Conferences have changed over the years. Back in their heyday, conference delegates would be showered with expensive enticements, gifts and so on. Rolex desk clocks, Gucci conference bags, Mont Blanc fountain pens. That sort of thing. Okay, I exaggerate but there was still a culture that regarded expensive desk paraphernalia as a the way to a physician's prescribing of their medicines.
I was a scientist rather than a clinician in those days. And even then there was a caste system. I remember a medical congress in Venice couple of decades or so ago where I was presenting some data from a study sponsored by a drug company. The basic scientists flew cattle class and stayed in a B&B on one of the more stagnant canals while the clinicians, arriving first class, were wined and dined at the Cipriani. A fleet of water taxis took them to and from the Congress. We were given a weekly ticket for the vaporetto.
Nowadays it's different. So tightly regulated is the industry today that pharmaceutical representatives cannot speak to their target audience without first obtaining the kind of security clearance associated with piloting nuclear bombers or attendance at a White House dinner.
A friend of mine (and I digress here) once went to a White House dinner or Capitol Hill reception -- I forget. His overwhelming memory was of the sunglassed security guards and the overwhelming sense that all they wanted to do was shoot you. They were just waiting for a cue, any cue, that would allow them to empty the magazine of a submachinegun into you.
Times have changed. And I for one think it's for the better. But it's amazing how long the old perceptions of pharmaceutical companies persist. There is still somehow the notion that a leopard cannot change its spots. The perception that, left unregulated, the industry would revert to the old ways.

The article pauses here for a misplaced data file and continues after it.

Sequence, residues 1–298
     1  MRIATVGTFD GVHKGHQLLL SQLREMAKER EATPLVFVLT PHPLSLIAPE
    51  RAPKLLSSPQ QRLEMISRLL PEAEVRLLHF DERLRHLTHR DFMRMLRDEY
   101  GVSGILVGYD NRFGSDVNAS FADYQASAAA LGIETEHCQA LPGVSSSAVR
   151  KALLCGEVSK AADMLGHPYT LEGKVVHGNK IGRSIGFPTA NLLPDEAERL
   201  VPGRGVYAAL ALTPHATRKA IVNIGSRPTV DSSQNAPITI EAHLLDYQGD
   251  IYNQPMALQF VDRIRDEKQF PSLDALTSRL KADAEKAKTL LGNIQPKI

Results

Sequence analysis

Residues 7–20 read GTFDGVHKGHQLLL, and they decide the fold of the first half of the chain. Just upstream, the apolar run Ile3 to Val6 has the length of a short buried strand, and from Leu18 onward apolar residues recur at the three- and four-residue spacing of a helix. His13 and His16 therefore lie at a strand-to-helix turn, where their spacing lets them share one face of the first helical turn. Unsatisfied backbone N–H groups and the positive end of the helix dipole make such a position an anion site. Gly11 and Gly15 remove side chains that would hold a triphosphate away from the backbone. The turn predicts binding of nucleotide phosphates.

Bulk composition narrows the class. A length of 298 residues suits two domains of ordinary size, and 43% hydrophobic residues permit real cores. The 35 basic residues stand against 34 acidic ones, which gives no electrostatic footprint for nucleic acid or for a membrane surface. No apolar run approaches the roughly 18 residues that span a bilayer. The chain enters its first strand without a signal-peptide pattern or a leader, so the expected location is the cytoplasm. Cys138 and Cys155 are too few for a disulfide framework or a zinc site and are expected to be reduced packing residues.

I don't buy that. Not only are those practices gone, so are their proponents. And this coincides, in my opinion, with the rise of patient power. Patients are the new opinion leaders. We may not yet be on equal footing but that will come. And patients are no mugs. As the ultimate stakeholders, our opinions cannot be bought by carriage clocks, cases of wine or sides of smoked salmon. We want treatments, pure and simple. And, as so often, the patients have been the catalyst of that change.
Ironically, patients are in many ways the most adversarial group, the lobby least likely to acknowledge its success. Many still remain unable to recognise that pharma has cleaned up its act and persist in bleating the same old "four legs good, two legs bad" dogma. We are perhaps our own worst enemies when we cannot recognise our own successes. The words 'pissup' and 'brewery' come to mind.